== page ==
Catalogs Remain a Staple in Retailers’ Toolboxes

Not so long ago, catalogs fell out of favor in the marketing world. During the 2007-2008 recession, retailers sought ways to cut costs, and many dramatically changed or eliminated catalog production as ecommerce and social media advertising took off. While some adapted their catalog practices to complement modern trends, rode out the recession and reaped rewards in the end, others axed the catalog altogether and suffered significant consequences. Land’s End, for example, opted to cease production of its catalog and proceeded to lose $100 million in revenue the following year.

As the economy began to recover, though, some companies again began investing in catalog production as data showed many people still used them to make or research purchases. In fact, according to management consulting firm Kurt Salmon, at that time:

86% of women, ages 18 to 30, had bought an item from a catalog
64% of women had seen an item in a catalog that they later purchased in-store
Only 32% of women went to the retailer’s website to purchase an item
And now all of a sudden, millennials, the 21-35 year-old age group whose collective wealth could reach as much as $24 trillion by 2020, are helping to revitalize catalogs in an era of ecommerce and social media advertising.

Today’s catalogs engage and build loyalty
Despite the rapid growth of ecommerce and social media advertising in retail, catalogs continue to hold their rightful place in the advertising mix. Why? Because retailers have come to realize catalogs can and must play a vital role in their business models and the economy as a whole.

That’s especially true when it comes to millennials. Consider this: Two out of every three of them (65%) have made a purchase that was influenced by a catalog. States Neil O’Keefe, senior VP of marketing and content for the Data & Marketing Association (DMA), “Millennials are very engaged by imagery, and the catalog really allows that to stand out … It’s unique to the generation that hasn’t experienced the amount of mail of past generations. So, the response rate there is very different than what you would experience with a display ad, even an email. The response rate for a printed piece has been on the rise as of late.”

While catalogs do not play the same role in the retailer/customer relationship they did 40 or 50 years ago, retailers still use catalogs to expand and enhance the ways they interact with their customers. In fact, most retailers are continuously striving to build an uninterrupted omnichannel experience that includes physical stores, websites and catalogs to encourage customers to shop and purchase.

And thoughtful retailers are actually incorporating catalog marketing into their fulfillment strategy – leveraging warehouse technology in new ways to combine personalized catalogs with each order shipment. For example, after a customer orders a pair of hiking boots, order packing software alerts the fulfillment team to include a catalog on hiking-specific equipment in their shipment.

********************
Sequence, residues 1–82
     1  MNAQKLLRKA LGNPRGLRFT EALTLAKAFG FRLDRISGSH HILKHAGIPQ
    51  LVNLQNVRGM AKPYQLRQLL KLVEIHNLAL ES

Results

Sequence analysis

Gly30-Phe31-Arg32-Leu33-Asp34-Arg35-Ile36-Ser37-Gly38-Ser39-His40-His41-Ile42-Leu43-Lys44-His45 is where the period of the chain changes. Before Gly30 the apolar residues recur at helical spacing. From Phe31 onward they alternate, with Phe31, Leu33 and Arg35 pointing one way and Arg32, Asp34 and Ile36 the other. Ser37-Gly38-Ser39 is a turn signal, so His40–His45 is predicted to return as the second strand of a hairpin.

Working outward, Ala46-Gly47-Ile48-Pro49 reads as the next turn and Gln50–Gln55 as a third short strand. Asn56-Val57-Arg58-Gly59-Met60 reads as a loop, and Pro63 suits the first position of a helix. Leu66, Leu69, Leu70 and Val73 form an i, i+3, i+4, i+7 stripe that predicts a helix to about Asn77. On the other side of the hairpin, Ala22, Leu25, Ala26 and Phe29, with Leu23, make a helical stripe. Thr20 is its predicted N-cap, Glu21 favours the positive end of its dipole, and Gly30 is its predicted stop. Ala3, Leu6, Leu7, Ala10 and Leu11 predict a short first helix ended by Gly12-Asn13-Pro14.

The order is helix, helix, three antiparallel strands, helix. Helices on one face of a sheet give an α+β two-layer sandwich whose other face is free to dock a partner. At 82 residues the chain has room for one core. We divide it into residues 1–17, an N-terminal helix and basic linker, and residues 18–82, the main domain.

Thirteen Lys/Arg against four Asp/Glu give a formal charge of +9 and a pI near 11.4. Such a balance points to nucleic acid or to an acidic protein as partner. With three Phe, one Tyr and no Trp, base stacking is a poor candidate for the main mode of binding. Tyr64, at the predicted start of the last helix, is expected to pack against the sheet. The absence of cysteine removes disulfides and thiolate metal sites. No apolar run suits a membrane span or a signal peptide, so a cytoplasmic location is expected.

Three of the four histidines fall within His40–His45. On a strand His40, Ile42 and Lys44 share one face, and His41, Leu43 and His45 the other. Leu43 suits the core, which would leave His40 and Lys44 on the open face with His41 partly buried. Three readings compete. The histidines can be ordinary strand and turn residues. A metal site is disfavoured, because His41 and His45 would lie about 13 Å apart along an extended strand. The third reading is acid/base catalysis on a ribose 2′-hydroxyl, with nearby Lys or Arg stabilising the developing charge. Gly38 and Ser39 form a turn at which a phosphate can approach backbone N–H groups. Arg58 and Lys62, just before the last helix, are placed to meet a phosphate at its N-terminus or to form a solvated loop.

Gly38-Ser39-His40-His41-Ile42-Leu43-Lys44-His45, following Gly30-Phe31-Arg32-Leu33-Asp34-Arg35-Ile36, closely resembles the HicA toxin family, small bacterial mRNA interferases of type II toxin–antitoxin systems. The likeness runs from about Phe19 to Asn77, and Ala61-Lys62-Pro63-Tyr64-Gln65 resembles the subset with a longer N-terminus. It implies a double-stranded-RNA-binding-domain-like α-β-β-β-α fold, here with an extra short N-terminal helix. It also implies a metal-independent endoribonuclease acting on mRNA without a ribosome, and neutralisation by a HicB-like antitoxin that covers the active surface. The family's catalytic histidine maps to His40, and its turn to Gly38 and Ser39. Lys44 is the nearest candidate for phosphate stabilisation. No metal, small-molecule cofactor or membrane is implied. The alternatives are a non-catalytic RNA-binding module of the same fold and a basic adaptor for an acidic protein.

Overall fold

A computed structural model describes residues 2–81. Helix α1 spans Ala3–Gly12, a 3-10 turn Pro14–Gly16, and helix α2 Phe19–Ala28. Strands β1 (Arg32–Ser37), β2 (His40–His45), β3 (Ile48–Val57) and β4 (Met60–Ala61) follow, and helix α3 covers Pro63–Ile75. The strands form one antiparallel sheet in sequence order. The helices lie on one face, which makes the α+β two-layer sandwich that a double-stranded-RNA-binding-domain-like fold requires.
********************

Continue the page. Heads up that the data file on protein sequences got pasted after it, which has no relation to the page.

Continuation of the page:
Taking it one step further: the fulfillment team can also receive alerts to include product samples with their customers’ orders and customized catalogs. For example, the same customer that ordered a pair of hiking boots not only receives a catalog on hiking-specific equipment but also gets a small bottle of foot cream along with their order.

Technology makes personalization possible
To make these types of customer-focused shipments happen, retailers must ask a lot from – and depend even more on – their warehouse teams. And thanks to technology, they can.

Retailers are already experts on how to use intelligent fulfillment tools and technology to streamline order fulfillment processes and create opportunities for cost and labor savings in the warehouse. By simply utilizing the infrastructure they have in place, retailers can integrate catalogs and samples into their existing fulfillment operation and immediately take advantage of new brand marketing opportunities.

For example, smart mobile warehouse technology enables retailers to create paperless, rules-based order packing. Mobile devices guide warehouse workers to where they’re needed to scan, pack, verify and ship an order, all in one continuous action. By simply taking the time to create an SKU for each catalog or sample and ensuring pack rules in the technology include the SKUs relevant to an order, the warehouse team can seamlessly pack catalogs or samples specific to the customer’s preferences – without any additional cost or complexity.

New era analytics from one of the oldest marketing tools
Technology has transformed the way marketers can use catalogs to track spending habits, frequency and other granular intelligence required to refine catalog and larger marketing strategies. Case in point: researchers found that 20 percent of first-time customers made a purchase on a retailer’s website after receiving its catalog.

Beyond all that catalogs have evolved to do for marketers, they also make life easier for consumers. For those who prefer to browse a print catalog, simple omnichannel innovations like quick codes … Continue reading!